One of the hardest tasks agency staffers have is giving feedback to the nannies who apply and work with their agency. You know being honest is the best approach for everyone involved but how do you do that in a way that allows the caregiver to really hear the message, that supports rather than disempowers the nanny, and that lessens the chance the nanny will leave with a negative view of your agency? Here are my top ten tips for rocking the feedback process.
1. Model how to graciously accept feedback.
EXAMPLE: “It’s clear you’ve put a lot of work into your resume and portfolio and I can see how not being accepted as a candidate would be very frustrating to you. Our goal is to make our requirements clear from the beginning so that doesn’t happen. I’ll have our team review our website and application materials with your suggestions for improvement in mind. We genuinely appreciate your input. Hopefully when you have the necessary years of experience, you’ll give us another try.”
2. Admit that giving feedback is difficult for you. Otherwise your body language and tone can suggest there’s something you’re not saying.
EXAMPLE “It’s important that we talk about how the interview went and why they decided to offer the position to another nanny. I have to tell you, these conversations are hard for me. I’d rather talk about all the great things you bring to the table rather than the things you can improve on but both are important.”
3. Detail the positive.
EXAMPLE: “Even though they didn’t go with you in the end, they did say that it was a tough choice. You really impressed them with your commitment to great care, your outgoing personality and just how at ease you were with all the different things going on during the interview.”
4. Take responsibility for anything your agency contributed to the situation.
EXAMPLE “I realize now that we weren’t clear in the beginning about our requirement that temp caregivers must always be reachable by phone or text during their stated available hours. I’m sorry for that.”
5. Frame the feedback around requirements and expectations rather than “wrong” behavior.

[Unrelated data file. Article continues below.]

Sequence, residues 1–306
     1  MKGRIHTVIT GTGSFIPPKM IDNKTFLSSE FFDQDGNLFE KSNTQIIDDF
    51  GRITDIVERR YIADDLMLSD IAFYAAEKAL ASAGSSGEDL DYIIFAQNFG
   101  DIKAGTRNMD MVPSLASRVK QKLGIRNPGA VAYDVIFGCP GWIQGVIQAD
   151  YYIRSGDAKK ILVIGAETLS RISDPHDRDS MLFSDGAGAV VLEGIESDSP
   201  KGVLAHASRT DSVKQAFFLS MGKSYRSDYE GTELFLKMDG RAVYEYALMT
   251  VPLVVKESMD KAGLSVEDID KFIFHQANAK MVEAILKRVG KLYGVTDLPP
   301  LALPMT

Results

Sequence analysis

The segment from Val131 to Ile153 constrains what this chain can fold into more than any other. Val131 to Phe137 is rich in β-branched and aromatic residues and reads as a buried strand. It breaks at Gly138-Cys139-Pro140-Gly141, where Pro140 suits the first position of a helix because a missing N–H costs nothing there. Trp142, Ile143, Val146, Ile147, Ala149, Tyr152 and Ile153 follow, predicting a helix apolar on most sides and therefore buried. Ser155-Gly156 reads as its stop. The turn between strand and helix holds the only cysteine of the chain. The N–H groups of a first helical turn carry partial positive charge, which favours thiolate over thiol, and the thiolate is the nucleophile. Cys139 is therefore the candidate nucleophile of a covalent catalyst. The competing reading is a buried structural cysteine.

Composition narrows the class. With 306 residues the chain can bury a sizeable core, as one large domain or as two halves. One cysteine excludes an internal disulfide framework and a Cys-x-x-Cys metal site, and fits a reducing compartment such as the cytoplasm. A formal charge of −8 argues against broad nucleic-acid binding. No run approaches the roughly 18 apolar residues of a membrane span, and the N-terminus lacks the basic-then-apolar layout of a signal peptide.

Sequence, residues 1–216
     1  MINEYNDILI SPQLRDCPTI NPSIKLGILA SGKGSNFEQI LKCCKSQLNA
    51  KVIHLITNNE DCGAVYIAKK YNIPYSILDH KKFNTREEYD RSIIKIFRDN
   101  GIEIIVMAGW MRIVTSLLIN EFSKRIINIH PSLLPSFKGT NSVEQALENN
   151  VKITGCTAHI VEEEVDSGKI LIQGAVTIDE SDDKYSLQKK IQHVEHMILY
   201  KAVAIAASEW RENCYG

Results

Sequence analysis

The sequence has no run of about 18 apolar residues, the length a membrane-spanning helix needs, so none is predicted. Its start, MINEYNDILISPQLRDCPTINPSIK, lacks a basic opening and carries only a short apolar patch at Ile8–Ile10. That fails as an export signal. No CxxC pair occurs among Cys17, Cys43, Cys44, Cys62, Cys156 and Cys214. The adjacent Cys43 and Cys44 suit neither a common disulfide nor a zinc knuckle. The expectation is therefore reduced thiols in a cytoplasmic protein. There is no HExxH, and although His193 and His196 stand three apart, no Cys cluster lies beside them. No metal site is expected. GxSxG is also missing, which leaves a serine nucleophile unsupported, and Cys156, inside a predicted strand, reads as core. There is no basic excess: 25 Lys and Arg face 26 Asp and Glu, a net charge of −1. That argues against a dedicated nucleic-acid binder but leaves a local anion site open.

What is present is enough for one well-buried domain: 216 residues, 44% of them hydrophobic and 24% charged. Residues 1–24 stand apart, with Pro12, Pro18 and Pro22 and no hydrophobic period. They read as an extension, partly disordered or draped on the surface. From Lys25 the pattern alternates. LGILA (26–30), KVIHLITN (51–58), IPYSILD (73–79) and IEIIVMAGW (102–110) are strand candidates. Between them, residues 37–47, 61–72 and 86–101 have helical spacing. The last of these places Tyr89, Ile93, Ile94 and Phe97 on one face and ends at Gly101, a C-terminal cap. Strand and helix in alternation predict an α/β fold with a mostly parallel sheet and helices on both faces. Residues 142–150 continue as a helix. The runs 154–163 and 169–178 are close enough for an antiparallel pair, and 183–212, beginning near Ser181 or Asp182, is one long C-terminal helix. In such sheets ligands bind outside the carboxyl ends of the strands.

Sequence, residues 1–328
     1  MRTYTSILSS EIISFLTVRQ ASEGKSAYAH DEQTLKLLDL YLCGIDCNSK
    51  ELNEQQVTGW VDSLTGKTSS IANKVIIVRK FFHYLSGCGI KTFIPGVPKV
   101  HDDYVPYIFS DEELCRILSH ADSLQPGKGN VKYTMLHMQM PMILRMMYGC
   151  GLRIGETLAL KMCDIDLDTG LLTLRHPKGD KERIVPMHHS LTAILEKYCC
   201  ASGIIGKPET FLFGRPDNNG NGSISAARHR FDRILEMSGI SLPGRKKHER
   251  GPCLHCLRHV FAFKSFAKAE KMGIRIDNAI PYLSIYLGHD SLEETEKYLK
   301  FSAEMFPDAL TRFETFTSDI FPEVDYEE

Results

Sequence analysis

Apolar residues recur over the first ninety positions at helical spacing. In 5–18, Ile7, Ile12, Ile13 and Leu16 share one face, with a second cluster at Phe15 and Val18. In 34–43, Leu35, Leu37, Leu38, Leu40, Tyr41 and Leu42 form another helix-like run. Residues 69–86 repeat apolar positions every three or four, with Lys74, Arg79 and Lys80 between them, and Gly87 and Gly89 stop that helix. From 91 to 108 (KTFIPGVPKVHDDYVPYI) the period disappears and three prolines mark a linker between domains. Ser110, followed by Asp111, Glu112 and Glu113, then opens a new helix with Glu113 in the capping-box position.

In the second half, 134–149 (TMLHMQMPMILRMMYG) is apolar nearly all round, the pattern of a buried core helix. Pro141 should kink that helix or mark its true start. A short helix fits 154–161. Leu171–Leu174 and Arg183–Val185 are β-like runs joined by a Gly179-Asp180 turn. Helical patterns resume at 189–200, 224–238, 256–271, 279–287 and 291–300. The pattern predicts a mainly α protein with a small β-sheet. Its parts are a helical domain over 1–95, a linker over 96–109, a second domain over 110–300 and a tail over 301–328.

EXAMPLE: it’s our policy that if a back-up caregiver is late more than 3 times in a 12 month period, we can no longer work with her.”
6. Acknowledge that you’re giving one perception, not the world’s reality.
EXAMPLE: “The hard part about all of this is everyone has a different take on a situation. In this case, the family believes you’re missing some of the characteristics they’re looking for. That doesn’t mean every family will feel that way. Each family sees things differently.”
7. Allow them a voice and the space to share their reaction and story.
EXAMPLE: “Please tell me what your take is.” or “How do you feel about the situation?”
8. Give them the opportunity to correct course.
EXAMPLE: “I really do believe that with some more infant experience, you can be a top contender for the type of job you’re looking for. I’d suggest working as a temp or babysitting for some new parents and taking some training on the new theories and strategies in infant care.”
9. Let them know what the next step is.
EXAMPLE: “I’d love to be able to represent you. However to do that I need for you to reformat your resume according to the instructions on the website. There’s a submission email address on the same page. Email it to our office through that address. Once we receive it, we’ll review it and get back to you within 3 days.”
10. Follow up.
EXAMPLE: “I wanted to check in with you and follow-up on our conversation from last week.”
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